While checking out that Foyles of Glasbury nonsense I came across Eleanor Bull, in whose house the playwright and poet Christopher Marlowe was killed.  Of course Wikipedia describes her as an English woman although Clifford where she was born was a Welsh speaking parish in the 16C.  Was she the niece or great niece of Queen Elizabeth's confidante Blanche Parry?  If her mother was Sybil Parry as the article says then she was a niece.  Eleanor's family background, the Whitneys, the Parrys, the Vaughans were all bardic patrons.  Her grandmother/great grandmother Alice Milbourne was an exception being described by the bard Hywel Dafi as a tall, aging girl of Rowena's seed, advising her future husband to chose a slim 20 year old Welsh girl rather than the daughter of the Englishman of the Shire.  The late John Davies described the Herefordshire borderlands as being a Welsh irredenta, it deserves more attention.

Thursday, December 17, 2015

Matters Arising

I read this in the introduction to the Penybont book mentioned in the last post:

"King Harold Godwin's territorial interests near our area ensured that the Norman power which replaced him was soon active nearby.  There followed a period of nearly 500 years during which the largely unrestrained authority of the Marcher Lords, and our area especially the Mortimer family, was matched by successive waves of resurgence led by Welsh leaders from other parts of Wales.."

Now this suggests that the 1500 or so households that made up the cantref of Maelienydd had no agency of their own in resisting the Norman incursions.  Of course this isn't true as a browse through Brut y Tywysogion would soon make clear.  Some examples: in 1136 Madog ab Idnerth and his sons were among the leaders in the battle of Crug Mawr in Ceredigion; in 1165 the sons of Madog ab Idnerth and their host were present at the victory over King Henry at the battle of Crogen; in 1262 the men of Maelienydd seized the castle of Cefnllys - they did so again in 1295 - and, of course, the men of Maelienydd were central to the victory at Bryn Glas in 1402.

The sad truth is that Rhwng Gwy a Hafren is largely ignored or misrepresented by Welsh historians, indeed I'd say that you have to turn to an Englishman -  and a UKIP parliamentary candidate to boot - for anything more than a very superficial view of the history of this strategically important part of Wales.


I've only seen a few minutes of this programme but I was interested to read the claim that 18% of Welsh men were descended from just ten men, probably chieftains, born more than a thousand years ago.  Of course that has quite fairly been met with a degree of scepticism although I wouldn't be surprised if it were true.  Some of the scepticism took the form of denying the accuracy of the older Welsh genealogies.  The 15C genealogies were in reality Welsh legal records and it smacks of a colonial mentality to dismiss them while accepting English records without question.  Later on the genealogies did indeed become more corrupted, one of my favourite Welsh couplets is this from Sion Tudur (d1602):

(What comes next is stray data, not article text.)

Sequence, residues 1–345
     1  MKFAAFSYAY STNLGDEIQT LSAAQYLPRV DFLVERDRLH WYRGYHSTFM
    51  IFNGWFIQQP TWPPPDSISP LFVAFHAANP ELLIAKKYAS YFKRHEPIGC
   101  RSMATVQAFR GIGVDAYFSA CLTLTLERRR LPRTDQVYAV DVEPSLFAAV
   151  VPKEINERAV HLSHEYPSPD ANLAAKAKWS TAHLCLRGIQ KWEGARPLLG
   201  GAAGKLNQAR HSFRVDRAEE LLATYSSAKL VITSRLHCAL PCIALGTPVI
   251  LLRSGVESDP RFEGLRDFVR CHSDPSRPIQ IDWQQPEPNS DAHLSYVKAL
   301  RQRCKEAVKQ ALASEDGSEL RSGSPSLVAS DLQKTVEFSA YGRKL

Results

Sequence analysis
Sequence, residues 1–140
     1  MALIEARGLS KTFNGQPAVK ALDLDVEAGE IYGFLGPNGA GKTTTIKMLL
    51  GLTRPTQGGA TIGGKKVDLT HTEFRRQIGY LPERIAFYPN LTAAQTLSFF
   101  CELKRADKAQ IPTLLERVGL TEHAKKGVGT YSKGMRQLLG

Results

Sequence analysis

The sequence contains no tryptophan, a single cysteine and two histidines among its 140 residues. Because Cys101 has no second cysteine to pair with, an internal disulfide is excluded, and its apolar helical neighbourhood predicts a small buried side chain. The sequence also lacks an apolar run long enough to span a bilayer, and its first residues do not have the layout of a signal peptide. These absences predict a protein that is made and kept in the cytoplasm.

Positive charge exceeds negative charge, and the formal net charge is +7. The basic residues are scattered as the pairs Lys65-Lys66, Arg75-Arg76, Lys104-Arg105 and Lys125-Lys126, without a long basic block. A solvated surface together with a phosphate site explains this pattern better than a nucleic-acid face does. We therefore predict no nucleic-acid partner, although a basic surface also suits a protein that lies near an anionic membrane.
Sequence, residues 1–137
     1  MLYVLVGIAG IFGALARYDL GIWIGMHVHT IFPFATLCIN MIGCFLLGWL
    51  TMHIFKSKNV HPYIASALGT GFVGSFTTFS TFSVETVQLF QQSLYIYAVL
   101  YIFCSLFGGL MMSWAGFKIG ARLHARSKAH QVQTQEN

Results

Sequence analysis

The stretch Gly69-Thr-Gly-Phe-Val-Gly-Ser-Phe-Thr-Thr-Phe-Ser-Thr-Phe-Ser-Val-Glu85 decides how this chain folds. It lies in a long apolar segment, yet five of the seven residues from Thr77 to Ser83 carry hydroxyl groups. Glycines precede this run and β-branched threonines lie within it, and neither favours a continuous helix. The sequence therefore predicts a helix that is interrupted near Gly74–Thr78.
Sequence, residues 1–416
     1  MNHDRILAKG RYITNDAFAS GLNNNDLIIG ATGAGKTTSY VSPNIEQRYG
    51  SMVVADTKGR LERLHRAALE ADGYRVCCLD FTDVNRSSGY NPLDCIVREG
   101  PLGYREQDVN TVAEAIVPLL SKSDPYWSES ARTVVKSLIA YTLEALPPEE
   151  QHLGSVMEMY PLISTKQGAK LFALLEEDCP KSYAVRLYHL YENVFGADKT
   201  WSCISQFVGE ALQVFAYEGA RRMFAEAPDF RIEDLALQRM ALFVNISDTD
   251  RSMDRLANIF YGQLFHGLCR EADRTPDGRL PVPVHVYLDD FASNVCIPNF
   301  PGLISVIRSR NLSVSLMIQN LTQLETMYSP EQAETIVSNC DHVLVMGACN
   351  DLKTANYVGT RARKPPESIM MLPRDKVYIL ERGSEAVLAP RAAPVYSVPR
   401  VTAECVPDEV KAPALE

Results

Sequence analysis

Ar frys arfau a roesom,
Arfau ei dad fu raw dom

How speedily we bestow coats of arms, his father's coat of arms was a shovel of shit.

No Mug For Me 

The Penybont book also covers Llandegley and to a lesser extent Crossgates.  According to the powers that be the Welsh language versions of these two names are Llandeglau and Y Groes.  Since Llandegle was good enough for Lewis Glyn Cothi shouldn't we resist the imposition of that North Wales AU ending.  As for Y Groes, that's a very recent invention and perhaps we'd be better going back to calling the village Llanbadarn Fawr.  It seems that Crossgates was itself an invention of the 19C Post Office, fed-up with confusion with the Aberystwyth suburb of the same name.

The first four or five terms of my education were actually spent in Llanbadarn Fawr school, not the modern building in the village, but the old school nearer Penybont.  How did I get there from the Gravel Road?  I've no memory of walking along the A44 and we certainly didn't have a car.  Perhaps approaching senility will unlock such lost childhood memories.  I'm not sure if I've actually recovered from the trauma of not receiving a Coronation mug from the good folk of Crossgates in 1953.  Gravel Road is in Nantmel parish the organisers of the celebration explained, meanwhile the Nantmel committee insisted it was located in Llanbadarn Fawr.  Years later, poring over an old map, I discovered that my old home was actually in an outlier of distant Llanddewi Ystradenni.

Tuesday, December 08, 2015

Radnorshire in Print

Spotted a couple of Radnorshire related books on sale this Christmastide

and this colourful and well-illustrated publication.

Star Spangled Mayhem

I thought this must be a parody but after googling a few of the crimes listed discovered it was real:

It's a mistake to think this is just about the guns though, it's about a society with more problems than just firearm availibility.